Call For a Ban on Pensions Cold Calling

1 November 2016

pensions cold calling Backed by Baroness Ros Altmann and Steve Webb, both former government Pensions Ministers, Michelle Cracknell of the government’s official pensions helpline, The Pensions Advisory Service (TPAS), has called for a ban on pension cold callers. This is in light of an increase in sophisticated fraudsters preying on vulnerable people and scamming them out of their pension pots.

More than 10 million pensioners are being targeted every year by fraudulent cold callers thanks to the advent of the government's pension freedoms which now gives savers the chance to do almost what they like with their pension pot. This has been seen as a 'green light' for fraudsters.

Talking to the Daily Telegraph, Michelle Cracknell, head of The Pensions Advisory Service said:

"If a ban was put into place it would be a further protection to customers. Not everybody is aware. Most people tend to have a positive outlook that it's OK [when someone cold calls]. Our advice is that you should be suspicious. The good financial advice companies don't need to cold call. Government services don't cold call. We all know how many calls we have received on PPI and you've had a car accident. That is coming to an end and pensions is incredibly vulnerable. People don't understand what they've got. We would like every customer to refuse to take cold calls on their pension funds."

"People are cold calling and if you don't have a level of knowledge about how your pension works you can very easily get suckered in. They target vulnerable people. A number of people are quite scared of saying no to people, particularly if they are sophisticated sales people."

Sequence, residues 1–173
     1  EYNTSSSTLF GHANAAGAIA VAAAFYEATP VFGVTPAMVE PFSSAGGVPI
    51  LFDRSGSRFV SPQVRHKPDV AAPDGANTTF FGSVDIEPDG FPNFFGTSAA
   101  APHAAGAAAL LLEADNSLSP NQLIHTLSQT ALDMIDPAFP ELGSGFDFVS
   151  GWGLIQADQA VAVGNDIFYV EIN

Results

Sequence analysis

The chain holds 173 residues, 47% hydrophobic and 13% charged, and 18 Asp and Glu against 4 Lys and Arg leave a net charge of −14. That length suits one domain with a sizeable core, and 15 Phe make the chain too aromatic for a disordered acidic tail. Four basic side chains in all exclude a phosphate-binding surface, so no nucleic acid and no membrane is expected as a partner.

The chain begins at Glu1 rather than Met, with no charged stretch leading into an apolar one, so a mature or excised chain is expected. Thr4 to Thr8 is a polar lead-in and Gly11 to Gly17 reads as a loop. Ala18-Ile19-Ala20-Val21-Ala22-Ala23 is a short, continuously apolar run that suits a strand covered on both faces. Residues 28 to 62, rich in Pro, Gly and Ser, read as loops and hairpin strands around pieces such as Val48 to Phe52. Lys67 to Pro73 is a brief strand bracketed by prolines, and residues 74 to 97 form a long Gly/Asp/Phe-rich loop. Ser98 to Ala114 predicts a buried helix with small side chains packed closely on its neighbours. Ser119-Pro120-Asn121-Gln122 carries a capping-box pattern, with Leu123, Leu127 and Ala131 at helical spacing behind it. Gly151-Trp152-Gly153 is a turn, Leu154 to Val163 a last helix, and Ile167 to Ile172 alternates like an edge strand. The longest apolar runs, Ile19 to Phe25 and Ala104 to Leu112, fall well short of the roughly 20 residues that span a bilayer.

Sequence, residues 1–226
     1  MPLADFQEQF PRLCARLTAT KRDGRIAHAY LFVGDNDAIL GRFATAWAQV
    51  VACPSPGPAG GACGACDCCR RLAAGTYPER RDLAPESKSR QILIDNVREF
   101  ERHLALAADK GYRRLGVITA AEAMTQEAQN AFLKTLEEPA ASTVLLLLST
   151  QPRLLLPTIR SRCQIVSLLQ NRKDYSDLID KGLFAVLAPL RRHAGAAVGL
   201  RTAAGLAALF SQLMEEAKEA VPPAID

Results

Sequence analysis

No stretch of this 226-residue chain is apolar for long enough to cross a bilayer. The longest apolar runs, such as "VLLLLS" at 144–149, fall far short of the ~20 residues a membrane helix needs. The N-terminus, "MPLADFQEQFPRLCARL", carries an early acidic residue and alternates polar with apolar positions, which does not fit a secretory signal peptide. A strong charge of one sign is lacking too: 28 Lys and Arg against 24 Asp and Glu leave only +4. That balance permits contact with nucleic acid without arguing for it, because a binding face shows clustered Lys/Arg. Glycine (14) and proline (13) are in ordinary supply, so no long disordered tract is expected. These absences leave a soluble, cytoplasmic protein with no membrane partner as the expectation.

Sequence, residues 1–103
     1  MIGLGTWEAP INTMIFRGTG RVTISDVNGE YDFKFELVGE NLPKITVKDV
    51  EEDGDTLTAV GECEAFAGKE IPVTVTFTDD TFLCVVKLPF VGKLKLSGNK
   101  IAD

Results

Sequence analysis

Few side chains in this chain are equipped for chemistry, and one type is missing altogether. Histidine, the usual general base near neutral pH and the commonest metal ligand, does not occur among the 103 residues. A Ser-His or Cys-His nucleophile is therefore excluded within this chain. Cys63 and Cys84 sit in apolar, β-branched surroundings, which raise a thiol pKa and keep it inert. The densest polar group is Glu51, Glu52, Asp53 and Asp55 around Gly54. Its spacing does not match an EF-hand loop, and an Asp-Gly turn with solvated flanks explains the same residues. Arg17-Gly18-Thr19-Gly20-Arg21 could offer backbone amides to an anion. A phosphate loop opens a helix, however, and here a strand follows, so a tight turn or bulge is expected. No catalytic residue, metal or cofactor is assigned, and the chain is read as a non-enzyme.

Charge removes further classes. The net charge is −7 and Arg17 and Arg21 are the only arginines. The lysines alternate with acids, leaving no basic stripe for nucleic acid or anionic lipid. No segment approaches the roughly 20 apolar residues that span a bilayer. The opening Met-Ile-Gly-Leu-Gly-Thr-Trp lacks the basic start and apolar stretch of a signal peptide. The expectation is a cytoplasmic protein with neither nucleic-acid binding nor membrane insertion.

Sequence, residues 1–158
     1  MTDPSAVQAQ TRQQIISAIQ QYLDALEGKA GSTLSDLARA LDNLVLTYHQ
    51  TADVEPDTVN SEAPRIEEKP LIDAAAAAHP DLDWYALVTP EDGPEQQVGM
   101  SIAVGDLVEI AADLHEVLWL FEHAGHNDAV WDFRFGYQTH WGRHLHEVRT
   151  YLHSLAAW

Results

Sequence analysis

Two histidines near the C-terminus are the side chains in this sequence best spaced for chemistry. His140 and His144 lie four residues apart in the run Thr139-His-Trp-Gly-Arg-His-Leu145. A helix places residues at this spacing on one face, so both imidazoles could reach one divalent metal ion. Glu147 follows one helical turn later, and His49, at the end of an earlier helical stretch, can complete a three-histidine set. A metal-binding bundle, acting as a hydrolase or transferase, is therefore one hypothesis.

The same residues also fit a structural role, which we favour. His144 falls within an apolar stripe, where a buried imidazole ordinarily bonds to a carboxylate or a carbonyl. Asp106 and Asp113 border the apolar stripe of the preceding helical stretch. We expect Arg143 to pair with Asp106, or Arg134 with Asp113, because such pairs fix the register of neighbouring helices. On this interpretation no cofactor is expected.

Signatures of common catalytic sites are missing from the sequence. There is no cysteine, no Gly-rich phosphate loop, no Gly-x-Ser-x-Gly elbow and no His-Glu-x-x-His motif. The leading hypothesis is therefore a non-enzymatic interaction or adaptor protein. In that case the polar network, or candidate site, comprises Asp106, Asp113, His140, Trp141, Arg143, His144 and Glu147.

The situation is made worse by the fact that the criminals involved are very clever and almost impossible to trace, channeling money through layer after layer of overseas companies, which makes it almost impossible for even the most experienced and talented pension investigators and forensic accountants.

Another factor that may help to influence a future government decision on the matter is the need to protect future generations of pension savers. Thanks to auto enrolment, we now have millions more people saving towards their retirement who are also potential victims for pension fraudsters.

The brutal truth of what happens when you become a victim of the fraudsters was spelled out by Michelle Cracknell:

"Our responses [to people who have lost money] are now quite blunt. We need to make customers aware that whilst they should report it, the reality is that even if the pensions ombudsman rules in your favour the chances of you getting your money are next to zero."

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    • Sp avatar Thu Tieu

      Thu is Marketing Executive at Smart Pension and is responsible for online communications and editorials.